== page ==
More than 50 years after its pressurized writing instruments first entered orbit, Fisher Space Pen and its late founder are entering the Space Technology Hall of Fame.
The company and its namesake are being honored during a private ceremony on Thursday (Aug. 26), held as part of Space Foundation's 36th Space Symposium in Colorado Springs. Fisher Space Pen is being inducted (opens in new tab) as an organization and Paul C. Fisher, inventor of the iconic space pen, will be inducted posthumously as an individual (Fisher died in 2006 at the age of 93).
"We are grateful to be inducted into Space Foundation's 2021 Space Technology Hall of Fame" Matt Fisher, vice president of Fisher Space Pen, said in a statement. "On behalf of my grandfather Paul C. Fisher, my father Cary Fisher, my brother Paul, myself and everyone at Fisher Space Pen Co., we thank Space Foundation for this incredible honor"
Matt Fisher, Cary Fisher, who is president of Fisher Space Pen, and Paul Fisher, the company's plant manager, were in Colorado for the ceremony, together with Joshua Skidmore, director of sales and marketing.
Special Edition Apollo 11 50th Anniversary Matte Black Bullet Space Pen. $31.45 at Amazon (opens in new tab)
Since 1988, Space Foundation's Space Technology Hall of Fame (opens in new tab) has inducted individuals, organizations and companies that have adapted technologies first devised for use in space to improve the quality of life here on Earth. Honorees are nominated by the space community and global space agency technology transfer offices and then reviewed for induction by a space and technology expert panel.
"The Space Technology Hall of Fame honors not only breakthrough innovations and ingenuity, but also the craftsmanship and passion these stellar offerings showcase," Rich Cooper, Space Foundation's vice president for strategic communications and outreach, said. "Every day these innovations better lives around the globe and the Fisher family and its notable company are exceptional leaders to recognize and draw inspiration. It is an honor to welcome them into the Space Technology Hall of Fame."
Contrary to an old urban legend, NASA did not spend millions of dollars to create a pen for its astronauts to use in space. Rather, Paul C. Fisher, a private inventor, spent his own $1 million to develop a pressurized cartridge that used nitrogen gas to force thixotropic ink to flow out of his ballpoint pens.
The resulting pen was not only capable of writing in extreme temperatures, upside down and underwater, but also in the microgravity environment of outer space.
After an evaluation period, NASA was ready to launch its first space pens with its first three-person crew. Since Apollo 7 in October 1968 (opens in new tab), Fisher space pens have flown on every NASA crewed mission, including Space's commercial Dragon flights to the International Space Station. Fisher's pens were also adopted by the Russian space program, flying with cosmonauts since 1969.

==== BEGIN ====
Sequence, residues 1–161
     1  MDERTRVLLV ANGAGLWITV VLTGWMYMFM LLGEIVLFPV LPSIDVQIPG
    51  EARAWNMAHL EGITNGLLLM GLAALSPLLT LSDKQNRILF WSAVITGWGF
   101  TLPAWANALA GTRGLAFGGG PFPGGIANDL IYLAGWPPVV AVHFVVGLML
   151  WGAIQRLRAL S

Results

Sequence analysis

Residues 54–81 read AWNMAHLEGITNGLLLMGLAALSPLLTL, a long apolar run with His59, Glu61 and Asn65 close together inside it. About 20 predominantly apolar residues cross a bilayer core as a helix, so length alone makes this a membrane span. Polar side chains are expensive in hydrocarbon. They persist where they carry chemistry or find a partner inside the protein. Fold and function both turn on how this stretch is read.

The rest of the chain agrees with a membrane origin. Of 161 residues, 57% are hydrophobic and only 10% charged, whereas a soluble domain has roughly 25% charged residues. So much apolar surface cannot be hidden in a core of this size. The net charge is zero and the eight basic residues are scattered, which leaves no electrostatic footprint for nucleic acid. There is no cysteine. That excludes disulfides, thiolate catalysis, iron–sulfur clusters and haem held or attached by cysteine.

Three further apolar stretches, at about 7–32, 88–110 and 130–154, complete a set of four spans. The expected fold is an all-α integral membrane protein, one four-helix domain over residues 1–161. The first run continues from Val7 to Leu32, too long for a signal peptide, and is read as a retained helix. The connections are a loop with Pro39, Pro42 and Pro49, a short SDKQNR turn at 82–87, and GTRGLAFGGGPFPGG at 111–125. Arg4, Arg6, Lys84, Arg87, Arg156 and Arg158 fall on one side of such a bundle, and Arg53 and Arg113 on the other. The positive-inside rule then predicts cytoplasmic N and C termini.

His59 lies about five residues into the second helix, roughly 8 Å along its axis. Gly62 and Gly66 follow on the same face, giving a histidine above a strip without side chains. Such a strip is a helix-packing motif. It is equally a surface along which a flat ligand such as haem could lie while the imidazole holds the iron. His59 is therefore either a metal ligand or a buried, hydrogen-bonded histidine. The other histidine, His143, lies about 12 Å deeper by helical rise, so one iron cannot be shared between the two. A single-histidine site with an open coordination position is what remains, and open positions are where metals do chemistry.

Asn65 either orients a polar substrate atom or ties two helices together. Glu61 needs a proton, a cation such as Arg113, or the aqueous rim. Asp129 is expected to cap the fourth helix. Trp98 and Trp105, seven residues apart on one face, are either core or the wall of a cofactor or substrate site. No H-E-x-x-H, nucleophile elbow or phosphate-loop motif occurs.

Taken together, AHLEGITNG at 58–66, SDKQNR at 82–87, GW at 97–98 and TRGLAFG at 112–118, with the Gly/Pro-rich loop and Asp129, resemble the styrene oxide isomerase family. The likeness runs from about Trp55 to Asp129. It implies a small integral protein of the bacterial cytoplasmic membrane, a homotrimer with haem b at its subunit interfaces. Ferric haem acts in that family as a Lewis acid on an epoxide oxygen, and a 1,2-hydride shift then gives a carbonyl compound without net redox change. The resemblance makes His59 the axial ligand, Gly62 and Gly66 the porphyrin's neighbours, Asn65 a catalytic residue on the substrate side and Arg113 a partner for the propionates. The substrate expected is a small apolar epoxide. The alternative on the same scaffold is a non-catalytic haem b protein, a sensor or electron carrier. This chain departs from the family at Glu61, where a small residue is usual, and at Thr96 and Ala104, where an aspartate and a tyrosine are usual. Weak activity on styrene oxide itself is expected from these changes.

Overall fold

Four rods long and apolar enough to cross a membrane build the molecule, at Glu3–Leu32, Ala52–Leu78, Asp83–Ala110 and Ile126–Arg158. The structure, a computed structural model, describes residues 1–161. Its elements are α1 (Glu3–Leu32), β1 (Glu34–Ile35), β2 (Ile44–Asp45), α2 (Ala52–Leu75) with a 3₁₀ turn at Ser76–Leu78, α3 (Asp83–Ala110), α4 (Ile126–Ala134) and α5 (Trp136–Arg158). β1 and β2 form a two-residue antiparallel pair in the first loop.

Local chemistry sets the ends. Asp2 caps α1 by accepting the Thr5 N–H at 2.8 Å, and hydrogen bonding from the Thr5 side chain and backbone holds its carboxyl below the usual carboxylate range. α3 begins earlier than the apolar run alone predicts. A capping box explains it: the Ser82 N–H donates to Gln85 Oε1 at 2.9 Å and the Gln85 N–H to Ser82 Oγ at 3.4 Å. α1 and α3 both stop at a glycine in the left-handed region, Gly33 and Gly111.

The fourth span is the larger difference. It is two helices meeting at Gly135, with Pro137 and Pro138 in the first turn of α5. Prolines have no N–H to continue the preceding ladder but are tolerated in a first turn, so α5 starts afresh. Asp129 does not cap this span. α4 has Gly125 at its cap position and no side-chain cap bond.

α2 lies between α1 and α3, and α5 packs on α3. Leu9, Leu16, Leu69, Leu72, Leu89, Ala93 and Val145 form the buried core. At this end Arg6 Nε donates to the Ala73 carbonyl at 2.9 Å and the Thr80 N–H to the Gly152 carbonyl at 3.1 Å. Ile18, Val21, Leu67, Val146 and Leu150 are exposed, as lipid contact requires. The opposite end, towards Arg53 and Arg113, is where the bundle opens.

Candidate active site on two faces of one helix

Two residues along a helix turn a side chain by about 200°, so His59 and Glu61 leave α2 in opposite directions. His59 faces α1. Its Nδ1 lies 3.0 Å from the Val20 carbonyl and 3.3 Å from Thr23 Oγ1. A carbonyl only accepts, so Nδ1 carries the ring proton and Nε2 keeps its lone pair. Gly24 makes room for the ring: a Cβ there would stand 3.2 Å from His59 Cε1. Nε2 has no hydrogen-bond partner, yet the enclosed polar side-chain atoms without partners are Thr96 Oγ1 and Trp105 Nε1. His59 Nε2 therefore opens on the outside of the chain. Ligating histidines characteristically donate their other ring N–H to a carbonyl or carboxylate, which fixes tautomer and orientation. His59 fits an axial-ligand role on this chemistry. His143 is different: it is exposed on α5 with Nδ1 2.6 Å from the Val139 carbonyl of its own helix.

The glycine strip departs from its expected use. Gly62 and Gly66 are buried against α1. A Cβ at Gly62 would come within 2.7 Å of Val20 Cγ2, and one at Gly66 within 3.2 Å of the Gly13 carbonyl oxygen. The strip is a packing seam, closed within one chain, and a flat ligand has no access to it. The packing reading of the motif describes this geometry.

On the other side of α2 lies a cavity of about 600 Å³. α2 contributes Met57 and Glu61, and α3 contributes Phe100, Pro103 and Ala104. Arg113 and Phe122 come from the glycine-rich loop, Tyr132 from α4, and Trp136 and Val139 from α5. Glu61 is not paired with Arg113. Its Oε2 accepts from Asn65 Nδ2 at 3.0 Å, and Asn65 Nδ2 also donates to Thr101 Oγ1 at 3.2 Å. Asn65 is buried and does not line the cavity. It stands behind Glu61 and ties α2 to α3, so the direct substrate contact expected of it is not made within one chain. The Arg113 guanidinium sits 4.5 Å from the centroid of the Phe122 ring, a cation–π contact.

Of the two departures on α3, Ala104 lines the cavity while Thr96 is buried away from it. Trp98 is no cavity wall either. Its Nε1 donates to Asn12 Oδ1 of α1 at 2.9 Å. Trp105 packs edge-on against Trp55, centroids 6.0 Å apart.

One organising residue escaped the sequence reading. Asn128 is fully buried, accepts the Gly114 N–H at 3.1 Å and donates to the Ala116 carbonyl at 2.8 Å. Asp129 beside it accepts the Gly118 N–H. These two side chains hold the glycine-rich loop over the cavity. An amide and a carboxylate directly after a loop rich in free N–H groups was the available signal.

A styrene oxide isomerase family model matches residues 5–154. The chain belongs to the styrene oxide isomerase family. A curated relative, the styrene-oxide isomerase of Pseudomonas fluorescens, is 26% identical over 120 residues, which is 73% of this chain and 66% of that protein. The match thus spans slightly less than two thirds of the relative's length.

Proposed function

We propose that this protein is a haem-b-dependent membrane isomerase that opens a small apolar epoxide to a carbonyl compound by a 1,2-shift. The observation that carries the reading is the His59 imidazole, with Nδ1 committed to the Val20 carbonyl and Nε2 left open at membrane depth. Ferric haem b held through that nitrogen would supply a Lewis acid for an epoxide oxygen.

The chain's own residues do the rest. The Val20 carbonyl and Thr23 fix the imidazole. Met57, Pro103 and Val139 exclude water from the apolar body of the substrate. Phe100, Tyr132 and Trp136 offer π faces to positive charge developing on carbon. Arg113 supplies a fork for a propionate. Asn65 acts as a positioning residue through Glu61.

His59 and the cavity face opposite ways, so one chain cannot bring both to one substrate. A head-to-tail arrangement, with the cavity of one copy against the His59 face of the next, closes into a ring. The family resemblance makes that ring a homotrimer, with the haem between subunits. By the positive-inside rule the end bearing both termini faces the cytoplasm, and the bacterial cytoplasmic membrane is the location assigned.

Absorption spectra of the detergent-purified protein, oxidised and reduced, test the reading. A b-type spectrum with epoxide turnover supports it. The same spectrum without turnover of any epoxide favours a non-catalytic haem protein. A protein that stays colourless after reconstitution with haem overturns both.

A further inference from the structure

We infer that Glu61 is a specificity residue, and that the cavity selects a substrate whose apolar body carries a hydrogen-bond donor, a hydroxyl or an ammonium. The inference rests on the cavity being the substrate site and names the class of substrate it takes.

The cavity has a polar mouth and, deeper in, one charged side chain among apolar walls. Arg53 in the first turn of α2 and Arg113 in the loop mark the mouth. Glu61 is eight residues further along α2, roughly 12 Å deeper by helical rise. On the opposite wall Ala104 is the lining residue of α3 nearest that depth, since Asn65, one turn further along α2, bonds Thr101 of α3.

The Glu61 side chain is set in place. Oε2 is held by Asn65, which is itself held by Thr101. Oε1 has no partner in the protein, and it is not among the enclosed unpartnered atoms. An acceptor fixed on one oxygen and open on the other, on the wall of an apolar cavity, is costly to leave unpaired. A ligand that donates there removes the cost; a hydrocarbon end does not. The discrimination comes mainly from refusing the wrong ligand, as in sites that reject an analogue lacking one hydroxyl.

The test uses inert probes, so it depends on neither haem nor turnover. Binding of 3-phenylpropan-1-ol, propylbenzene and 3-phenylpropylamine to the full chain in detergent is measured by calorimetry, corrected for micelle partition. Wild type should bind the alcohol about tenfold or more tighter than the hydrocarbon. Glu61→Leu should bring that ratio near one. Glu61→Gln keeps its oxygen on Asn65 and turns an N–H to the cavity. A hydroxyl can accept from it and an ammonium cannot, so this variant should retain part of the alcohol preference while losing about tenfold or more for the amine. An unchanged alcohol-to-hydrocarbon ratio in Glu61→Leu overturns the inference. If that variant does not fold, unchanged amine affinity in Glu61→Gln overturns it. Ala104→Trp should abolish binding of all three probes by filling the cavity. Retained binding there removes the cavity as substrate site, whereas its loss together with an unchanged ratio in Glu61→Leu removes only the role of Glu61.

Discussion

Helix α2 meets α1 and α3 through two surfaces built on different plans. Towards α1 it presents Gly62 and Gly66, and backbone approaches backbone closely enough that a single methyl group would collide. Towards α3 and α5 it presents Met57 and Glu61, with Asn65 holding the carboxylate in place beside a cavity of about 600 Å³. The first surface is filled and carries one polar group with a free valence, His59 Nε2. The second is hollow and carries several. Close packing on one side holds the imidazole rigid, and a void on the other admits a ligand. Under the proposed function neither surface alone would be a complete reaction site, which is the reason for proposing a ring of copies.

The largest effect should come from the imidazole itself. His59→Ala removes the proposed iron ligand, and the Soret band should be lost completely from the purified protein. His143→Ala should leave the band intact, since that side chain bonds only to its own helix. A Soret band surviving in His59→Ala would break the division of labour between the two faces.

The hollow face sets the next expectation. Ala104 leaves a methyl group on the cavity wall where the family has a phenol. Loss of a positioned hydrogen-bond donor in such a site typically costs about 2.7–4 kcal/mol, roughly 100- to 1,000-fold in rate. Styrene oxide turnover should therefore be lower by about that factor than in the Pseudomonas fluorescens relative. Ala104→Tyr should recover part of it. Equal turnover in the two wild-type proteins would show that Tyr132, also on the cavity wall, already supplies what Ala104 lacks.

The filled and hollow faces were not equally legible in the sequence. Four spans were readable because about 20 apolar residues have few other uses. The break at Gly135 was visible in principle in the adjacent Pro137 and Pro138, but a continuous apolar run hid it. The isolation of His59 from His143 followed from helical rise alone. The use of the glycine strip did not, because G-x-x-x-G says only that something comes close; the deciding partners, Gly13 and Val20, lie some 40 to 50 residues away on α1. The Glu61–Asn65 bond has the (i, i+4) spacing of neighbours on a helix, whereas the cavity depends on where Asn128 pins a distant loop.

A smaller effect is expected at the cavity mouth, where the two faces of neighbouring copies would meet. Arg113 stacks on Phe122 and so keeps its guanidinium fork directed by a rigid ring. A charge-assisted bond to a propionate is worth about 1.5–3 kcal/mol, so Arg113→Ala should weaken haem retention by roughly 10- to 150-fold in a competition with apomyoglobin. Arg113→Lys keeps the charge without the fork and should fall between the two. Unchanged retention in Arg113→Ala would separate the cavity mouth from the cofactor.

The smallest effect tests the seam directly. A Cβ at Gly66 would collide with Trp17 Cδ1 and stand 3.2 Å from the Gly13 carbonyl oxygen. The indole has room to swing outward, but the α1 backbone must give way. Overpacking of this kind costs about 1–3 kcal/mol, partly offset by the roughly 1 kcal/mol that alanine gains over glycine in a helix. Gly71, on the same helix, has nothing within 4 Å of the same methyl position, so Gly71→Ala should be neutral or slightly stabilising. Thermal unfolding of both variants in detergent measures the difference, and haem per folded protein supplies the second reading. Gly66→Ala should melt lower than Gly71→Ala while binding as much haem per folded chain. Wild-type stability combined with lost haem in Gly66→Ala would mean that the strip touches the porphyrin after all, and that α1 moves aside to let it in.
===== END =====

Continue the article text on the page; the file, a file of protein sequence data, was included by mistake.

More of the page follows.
Given its use in space and its ubiquitous use on Earth (opens in new tab), the Fisher space pen has been embraced by the public and become an iconic symbol of American technology and design around the world. For example, the company's Bullet pen is part of the permanent collection at the Museum of Modern Art in New York City for its classic industrial design.
The space pen has also crossed into pop culture, appearing in several films and TV shows, including a 1991 episode of the hit sitcom "Seinfeld" and a 2012 episode of the Science documentary series "How It's Made." More recently, the Fisher Space Pen Company was profiled on ABC World News Tonight for its 50th anniversary in 2018.
In addition to Fisher Space Pen and Paul C. Fisher, the Space Foundation is also enshrining Emisshield Inc., its president and CEO John Olver and the Entry Systems and Technology Division of NASA's Ames Research Center as the 2021 class entering the Space Technology Hall of Fame. Emisshield uses technology developed at Ames to produce a wide variety of high-emissivity coatings for use in commercial and industrial applications.
Over the past 30 years, the Hall of Fame has recognized nearly 100 technologies, including Tempur foam, which was adapted for use in mattresses, and the DeBakey blood pump, which was based on turbine technology developed for use in liquid propellant rocket engines.
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